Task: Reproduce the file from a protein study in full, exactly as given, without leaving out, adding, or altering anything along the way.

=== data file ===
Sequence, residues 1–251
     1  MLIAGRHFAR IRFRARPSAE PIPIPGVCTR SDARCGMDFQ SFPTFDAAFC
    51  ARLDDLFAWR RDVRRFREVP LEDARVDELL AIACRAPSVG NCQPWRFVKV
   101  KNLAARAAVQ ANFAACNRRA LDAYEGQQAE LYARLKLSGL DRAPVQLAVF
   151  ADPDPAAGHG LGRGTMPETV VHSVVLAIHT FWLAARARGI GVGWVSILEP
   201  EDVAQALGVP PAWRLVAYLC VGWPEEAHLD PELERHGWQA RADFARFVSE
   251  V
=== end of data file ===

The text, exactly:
Sequence, residues 1–251
     1  MLIAGRHFAR IRFRARPSAE PIPIPGVCTR SDARCGMDFQ SFPTFDAAFC
    51  ARLDDLFAWR RDVRRFREVP LEDARVDELL AIACRAPSVG NCQPWRFVKV
   101  KNLAARAAVQ ANFAACNRRA LDAYEGQQAE LYARLKLSGL DRAPVQLAVF
   151  ADPDPAAGHG LGRGTMPETV VHSVVLAIHT FWLAARARGI GVGWVSILEP
   201  EDVAQALGVP PAWRLVAYLC VGWPEEAHLD PELERHGWQA RADFARFVSE
   251  V